Non-residents: UK income: returns and reports: enquiries by FICO - form 4450/I part 3
The questions in Part 3 of the form are designed to prompt consideration of the more common forms of abuse where interest is paid abroad. The guidance at DT1912 to DT1919 may also be of use as many of the considerations for royalty payments apply equally to interest.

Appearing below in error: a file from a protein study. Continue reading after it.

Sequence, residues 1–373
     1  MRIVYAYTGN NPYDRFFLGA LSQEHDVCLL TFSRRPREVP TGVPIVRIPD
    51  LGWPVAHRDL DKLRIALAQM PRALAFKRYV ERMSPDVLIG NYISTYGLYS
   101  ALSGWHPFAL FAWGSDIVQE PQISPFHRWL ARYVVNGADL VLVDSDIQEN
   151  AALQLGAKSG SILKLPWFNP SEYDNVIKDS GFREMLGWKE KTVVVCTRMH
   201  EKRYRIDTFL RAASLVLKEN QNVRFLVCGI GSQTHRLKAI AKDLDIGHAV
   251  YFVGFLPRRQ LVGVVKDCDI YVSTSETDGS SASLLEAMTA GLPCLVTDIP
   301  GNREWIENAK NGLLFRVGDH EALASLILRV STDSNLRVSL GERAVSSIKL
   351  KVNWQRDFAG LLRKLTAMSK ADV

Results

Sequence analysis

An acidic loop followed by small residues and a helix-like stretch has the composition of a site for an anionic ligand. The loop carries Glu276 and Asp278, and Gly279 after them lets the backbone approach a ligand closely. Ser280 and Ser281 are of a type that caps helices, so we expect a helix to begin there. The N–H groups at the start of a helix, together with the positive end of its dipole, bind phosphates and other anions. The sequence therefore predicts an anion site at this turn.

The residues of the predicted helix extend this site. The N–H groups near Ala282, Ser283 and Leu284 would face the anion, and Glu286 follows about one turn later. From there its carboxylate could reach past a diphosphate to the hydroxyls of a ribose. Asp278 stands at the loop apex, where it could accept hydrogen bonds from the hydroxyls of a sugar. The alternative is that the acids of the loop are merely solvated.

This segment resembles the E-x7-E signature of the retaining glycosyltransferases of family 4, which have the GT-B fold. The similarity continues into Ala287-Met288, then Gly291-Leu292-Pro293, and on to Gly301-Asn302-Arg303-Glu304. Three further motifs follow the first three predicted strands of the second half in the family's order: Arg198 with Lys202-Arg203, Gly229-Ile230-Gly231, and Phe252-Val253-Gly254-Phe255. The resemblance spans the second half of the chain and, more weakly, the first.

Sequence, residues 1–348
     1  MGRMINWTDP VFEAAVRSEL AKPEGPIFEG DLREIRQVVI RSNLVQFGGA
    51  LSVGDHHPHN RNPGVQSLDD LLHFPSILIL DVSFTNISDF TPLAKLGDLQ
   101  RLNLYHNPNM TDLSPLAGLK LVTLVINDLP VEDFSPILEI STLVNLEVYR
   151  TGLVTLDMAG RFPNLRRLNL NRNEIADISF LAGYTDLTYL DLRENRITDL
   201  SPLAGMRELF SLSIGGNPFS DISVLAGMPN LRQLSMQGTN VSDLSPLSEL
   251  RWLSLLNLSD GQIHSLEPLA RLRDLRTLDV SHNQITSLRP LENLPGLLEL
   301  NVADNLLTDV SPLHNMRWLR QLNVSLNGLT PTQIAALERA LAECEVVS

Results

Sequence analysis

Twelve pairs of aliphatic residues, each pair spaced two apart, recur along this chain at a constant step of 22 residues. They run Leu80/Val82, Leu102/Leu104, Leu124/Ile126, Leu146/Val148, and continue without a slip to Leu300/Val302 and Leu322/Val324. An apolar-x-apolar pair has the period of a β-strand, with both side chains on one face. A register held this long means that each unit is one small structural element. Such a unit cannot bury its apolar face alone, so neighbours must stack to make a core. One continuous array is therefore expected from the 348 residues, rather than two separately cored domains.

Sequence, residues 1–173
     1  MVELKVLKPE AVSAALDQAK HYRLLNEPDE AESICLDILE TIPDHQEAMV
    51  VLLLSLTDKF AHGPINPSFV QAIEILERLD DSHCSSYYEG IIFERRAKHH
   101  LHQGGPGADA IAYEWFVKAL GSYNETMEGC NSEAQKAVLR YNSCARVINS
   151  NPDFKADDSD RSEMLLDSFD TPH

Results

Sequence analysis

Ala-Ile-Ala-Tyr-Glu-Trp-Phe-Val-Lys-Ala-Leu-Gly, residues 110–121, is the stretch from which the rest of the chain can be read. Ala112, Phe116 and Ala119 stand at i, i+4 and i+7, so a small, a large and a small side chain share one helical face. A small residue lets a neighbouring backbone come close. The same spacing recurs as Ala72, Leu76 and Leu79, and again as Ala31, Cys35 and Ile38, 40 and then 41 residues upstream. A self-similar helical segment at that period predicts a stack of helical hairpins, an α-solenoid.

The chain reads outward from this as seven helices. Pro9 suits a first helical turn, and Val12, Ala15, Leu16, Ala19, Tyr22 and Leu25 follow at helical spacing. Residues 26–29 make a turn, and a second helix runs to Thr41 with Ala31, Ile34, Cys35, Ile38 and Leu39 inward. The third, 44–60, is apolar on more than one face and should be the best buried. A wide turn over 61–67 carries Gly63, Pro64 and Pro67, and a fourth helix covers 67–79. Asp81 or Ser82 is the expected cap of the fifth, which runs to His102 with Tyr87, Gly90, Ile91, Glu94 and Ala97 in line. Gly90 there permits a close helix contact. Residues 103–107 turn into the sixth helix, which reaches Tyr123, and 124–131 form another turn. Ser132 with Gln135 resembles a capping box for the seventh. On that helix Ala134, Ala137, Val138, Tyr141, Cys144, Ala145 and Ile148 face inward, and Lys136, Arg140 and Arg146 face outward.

ITH109 gives an example of treaty shopping - where interest is routed through an intermediate country so that it can be paid gross. Some treaties (notably with the Netherlands and Ireland) include a paragraph in their interest Articles to deny relief from withholding tax in such cases. If you suspect the \`real' source of the loan is elsewhere and the intermediate country being used has a treaty with an appropriate paragraph, treaty shopping needs to be considered. However arguments in this area may be difficult and you are encouraged to consult International Division when considering a challenge. There are various provisions in ICTA88/S209 which provide for reclassification of interest as a distribution. For example if the interest rate exceeds a reasonable commercial rate, Section 209(d) may apply (see CT1550 and CT1552). If the security can be converted into shares or their measure is dependant on the results of the company's business, for example, all the interest is a distribution under Section 209(2)(e) (ii) or (iii). For any of these provisions to apply, the borrowing does not have to be from a connected party. For guidance on the equity note provisions, which cover very long duration loans or where the duration is indefinite, see ITH1249. \`Repayment on demand' borrowings are not within these. If the amount of the interest is excessive for any reason, the provisions of ICTA88/S209 (2)(da) may bite, and interest be wholly or partly reclassified as a distribution. The most common consideration here is thin capitalisation. But you should also consider whether the borrowing would have taken place at all if the parties had been unconnected, e.g. because there is no business purpose, or it is part of an avoidance scheme. The legislation is very broad and a good outline of the considerations is given in Tax Bulletin issue17B as well as in ITH1215 and ITH1221 - ITH1223. Borrowing capacity is usually decided by looking at the consolidated position of the United Kingdom group of companies to which the borrower belongs. Even if ICTA88/S209 (2)(da), does not apply, if the interest is excessive we may be able to deny relief from full withholding tax, so that this is still due under Section 349(2)(c). The interest Article in the double taxation agreement concerned must have a \`special relationship' clause (DT1917) which is not confined to considering only \`the debt-claim' actually made. If this is the case, then the considerations to determine whether interest is excessive mirror those where Section 209(2)(da) applies. A \`special relationship' can extend beyond a common shareholding and if it is suspected some other sort of bond may come within the definition International Division 4/5, Melbourne House should be consulted.